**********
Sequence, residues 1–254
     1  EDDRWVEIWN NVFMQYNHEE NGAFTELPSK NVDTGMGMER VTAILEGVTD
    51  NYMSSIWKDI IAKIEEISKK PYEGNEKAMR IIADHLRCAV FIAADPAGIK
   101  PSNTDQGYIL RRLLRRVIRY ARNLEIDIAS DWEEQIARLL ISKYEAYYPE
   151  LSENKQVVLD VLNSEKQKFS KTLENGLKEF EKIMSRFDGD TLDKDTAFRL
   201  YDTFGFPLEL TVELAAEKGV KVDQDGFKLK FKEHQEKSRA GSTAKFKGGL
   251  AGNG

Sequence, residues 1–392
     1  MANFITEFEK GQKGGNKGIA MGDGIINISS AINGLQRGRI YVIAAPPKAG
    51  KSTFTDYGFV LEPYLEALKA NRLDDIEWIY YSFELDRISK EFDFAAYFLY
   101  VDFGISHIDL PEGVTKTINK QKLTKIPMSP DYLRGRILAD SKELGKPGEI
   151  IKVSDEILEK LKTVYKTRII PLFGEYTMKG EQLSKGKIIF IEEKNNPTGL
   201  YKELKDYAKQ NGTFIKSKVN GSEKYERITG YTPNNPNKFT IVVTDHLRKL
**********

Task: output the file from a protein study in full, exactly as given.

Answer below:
Sequence, residues 1–254
     1  EDDRWVEIWN NVFMQYNHEE NGAFTELPSK NVDTGMGMER VTAILEGVTD
    51  NYMSSIWKDI IAKIEEISKK PYEGNEKAMR IIADHLRCAV FIAADPAGIK
   101  PSNTDQGYIL RRLLRRVIRY ARNLEIDIAS DWEEQIARLL ISKYEAYYPE
   151  LSENKQVVLD VLNSEKQKFS KTLENGLKEF EKIMSRFDGD TLDKDTAFRL
   201  YDTFGFPLEL TVELAAEKGV KVDQDGFKLK FKEHQEKSRA GSTAKFKGGL
   251  AGNG

Sequence, residues 1–392
     1  MANFITEFEK GQKGGNKGIA MGDGIINISS AINGLQRGRI YVIAAPPKAG
    51  KSTFTDYGFV LEPYLEALKA NRLDDIEWIY YSFELDRISK EFDFAAYFLY
   101  VDFGISHIDL PEGVTKTINK QKLTKIPMSP DYLRGRILAD SKELGKPGEI
   151  IKVSDEILEK LKTVYKTRII PLFGEYTMKG EQLSKGKIIF IEEKNNPTGL
   201  YKELKDYAKQ NGTFIKSKVN GSEKYERITG YTPNNPNKFT IVVTDHLRKL